Motivational Speaker Tony Robbins Accused of Verbal Abuse and Sexual Misconduct

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Sexual Misconduct Tony Robbins Abuse

Tony Robbins, a motivational speaker who is famous from infomercials, books, and self-help seminars, has been accused verbal abuse and making unwanted sexual advances towards followers and fans.

Over the past year, BuzzFeed has collected accounts from former fans, followers, insiders, along with leaked recordings and internal documents. Together, the evidence portrays a disturbing culture inside Robbins’s self-help business. The report alleges that, in addition to engaging in sexual misconduct, Robbins “berated abuse victims and subjected his followers to unorthodox and potentially dangerous techniques.”

Robbins has amassed a devoted, cult-like following through his charismatic persona and inspirational speeches that preach a self-reliant view of the world—he argues that will-power and attitude can overcome any personal ailment or trauma. His methods are notoriously private, BuzzFeed reports, but former insiders describe the conditions at seminars as harsh by design:

Robbins’ intensive multiday events are often held in rooms kept deliberately cold and run from early in the morning to well past midnight, with few breaks for food and water. Followers are encouraged to run across hot coals. Internal company emails reveal concerns about fans suffering mental breakdowns after days of emotional exhaustion as well as “sleep deprivation and dehydration.” In this intense atmosphere, some audience members became disoriented as the days went by, said Todd Spendley, a former logistics contractor for the organization. “We used to joke about it,” he said. “People started ‘popping like popcorn.’”

Robbins’ lawyers said there have been “very few reported instances of anyone suffering any form of significant physical injury or adverse medical condition” at his “thousands of events over the past 40 years.”

Robbins’s legal team, which sent legal threats to multiple sources in the story, denied the allegations of abuse and wrote that Robbins has gone to “great lengths to ensure the safety, comfort and enjoyment of all attendees.”

In addition to allegedly subjecting traumatized people, including victims of domestic and sexual violence, to potentially triggering situations and tactics, former staff members allege that Robbins used his events as places to lure in attractive women:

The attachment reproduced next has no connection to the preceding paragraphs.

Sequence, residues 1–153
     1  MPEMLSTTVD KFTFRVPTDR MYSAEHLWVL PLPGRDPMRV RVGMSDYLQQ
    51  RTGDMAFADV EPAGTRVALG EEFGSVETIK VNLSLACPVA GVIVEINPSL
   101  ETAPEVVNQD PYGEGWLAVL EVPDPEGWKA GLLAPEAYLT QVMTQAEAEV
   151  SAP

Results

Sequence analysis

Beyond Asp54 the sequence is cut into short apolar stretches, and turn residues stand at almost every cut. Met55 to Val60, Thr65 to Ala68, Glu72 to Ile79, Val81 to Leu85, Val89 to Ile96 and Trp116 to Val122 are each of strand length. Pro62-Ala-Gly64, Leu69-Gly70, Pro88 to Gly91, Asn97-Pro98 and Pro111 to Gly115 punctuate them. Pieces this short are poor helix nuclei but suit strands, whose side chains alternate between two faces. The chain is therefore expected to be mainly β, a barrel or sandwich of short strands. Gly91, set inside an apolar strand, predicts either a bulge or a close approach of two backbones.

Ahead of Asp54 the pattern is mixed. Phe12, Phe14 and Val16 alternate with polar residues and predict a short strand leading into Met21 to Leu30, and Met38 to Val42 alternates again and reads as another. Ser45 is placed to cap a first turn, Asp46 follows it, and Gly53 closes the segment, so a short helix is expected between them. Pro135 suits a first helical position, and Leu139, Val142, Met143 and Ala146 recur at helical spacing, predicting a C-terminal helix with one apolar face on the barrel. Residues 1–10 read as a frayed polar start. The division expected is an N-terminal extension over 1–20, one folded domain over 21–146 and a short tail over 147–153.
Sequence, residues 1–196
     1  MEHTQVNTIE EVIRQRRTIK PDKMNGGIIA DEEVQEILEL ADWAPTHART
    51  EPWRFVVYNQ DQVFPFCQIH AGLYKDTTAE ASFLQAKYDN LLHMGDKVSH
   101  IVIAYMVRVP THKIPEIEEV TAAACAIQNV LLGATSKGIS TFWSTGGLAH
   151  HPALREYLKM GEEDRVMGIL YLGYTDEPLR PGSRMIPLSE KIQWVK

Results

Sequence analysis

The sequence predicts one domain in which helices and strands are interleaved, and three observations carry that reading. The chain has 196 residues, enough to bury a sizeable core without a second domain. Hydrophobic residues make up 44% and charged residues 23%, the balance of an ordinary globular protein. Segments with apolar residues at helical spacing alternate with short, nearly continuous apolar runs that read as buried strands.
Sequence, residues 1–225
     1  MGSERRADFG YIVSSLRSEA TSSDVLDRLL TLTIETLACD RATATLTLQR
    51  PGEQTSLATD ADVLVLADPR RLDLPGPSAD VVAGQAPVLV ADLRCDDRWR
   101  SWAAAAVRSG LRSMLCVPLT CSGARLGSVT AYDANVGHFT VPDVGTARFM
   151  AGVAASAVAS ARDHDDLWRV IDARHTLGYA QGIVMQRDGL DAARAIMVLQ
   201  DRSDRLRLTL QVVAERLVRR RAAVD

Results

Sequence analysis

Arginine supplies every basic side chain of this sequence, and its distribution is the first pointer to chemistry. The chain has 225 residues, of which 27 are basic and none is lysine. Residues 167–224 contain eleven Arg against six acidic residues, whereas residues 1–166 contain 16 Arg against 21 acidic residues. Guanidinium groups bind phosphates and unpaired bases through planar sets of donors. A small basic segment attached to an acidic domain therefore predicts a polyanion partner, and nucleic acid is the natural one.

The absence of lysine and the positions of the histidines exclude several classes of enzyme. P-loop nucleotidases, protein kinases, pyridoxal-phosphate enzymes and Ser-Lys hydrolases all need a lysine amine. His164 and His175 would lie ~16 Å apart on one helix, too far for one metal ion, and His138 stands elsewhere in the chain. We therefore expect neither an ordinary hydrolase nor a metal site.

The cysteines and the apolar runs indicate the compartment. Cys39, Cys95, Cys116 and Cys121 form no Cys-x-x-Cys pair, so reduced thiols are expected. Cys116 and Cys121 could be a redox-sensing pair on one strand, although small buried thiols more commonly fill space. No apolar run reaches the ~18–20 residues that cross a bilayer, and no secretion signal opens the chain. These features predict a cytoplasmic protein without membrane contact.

Both Heather Porter, a former event manager, and Miki Knowles, who worked as Robbins’ personal chef, recalled hearing colleagues describe how the security team would pluck women from the audience on Robbins’ behalf. “The security guys would tell stories about women they’d had to take up to his room,” Knowles said. Lavely & Singer said that both women referenced their work with Robbins in a positive light in their online profiles.

Multiple former staffers and followers, including a woman named Kay, also described Robbins making unwanted sexual advances towards them:

A fourth woman, Kay, joined Robbins’ crew in the late ‘90s. She told BuzzFeed News that he singled her out immediately, frequently telling her she was beautiful. Over the next few years, she said he encouraged her to end two separate relationships, offered to fly her out to visit him, and gave her a secret phone number. The more she refused him, she said, the more he “relentlessly” pursued her.

“It’s part of what he teaches: Go after what you want,” she said. “And he wants to acquire you as a woman.”

Kay recalled one seminar where Robbins told the crowd to imagine they were having an orgasm. He then stepped down and whispered in her ear, “I wanna see you have an orgasm,” she told BuzzFeed News. Again, Kay refused. “I’m not showing you anything,” she recalled thinking, “that feeds that monster.”

Robbins’ lawyers called Kay’s allegations “false and preposterous.”

Robbins has previously come under scrutiny for his comments about sexual assault victims before. In a leaked video from a seminar in 2018, he characterizes the #MeToo movement as a movement for victimhood. “I’m not saying the movement’s wrong,” he said, “I’m saying everything has a consequence. Raise your hand if you heard me. And you want to use things in a way that doesn’t addict you to your problems and you don’t want to be a victim.” After backlash over his comments, Robbins said he has “profound admiration” for the movement.

Robbins responded to the BuzzFeed report with an open letter on Medium, calling it “an inaccurate, agenda-driven version of the past, pierced with falsehoods.”

“Let me be clear, while my open-classroom therapeutic methods are not for everyone, and while I am on my best day still only an imperfect human being, I have never behaved in the reckless, irresponsible, or malicious manner intimated by false, unfounded, and incendiary allegations suggested by BuzzFeed story-tellers,” Robbins writes. “My record is nearly a half-century long. I stand on that.”

Read BuzzFeed’s full report here.

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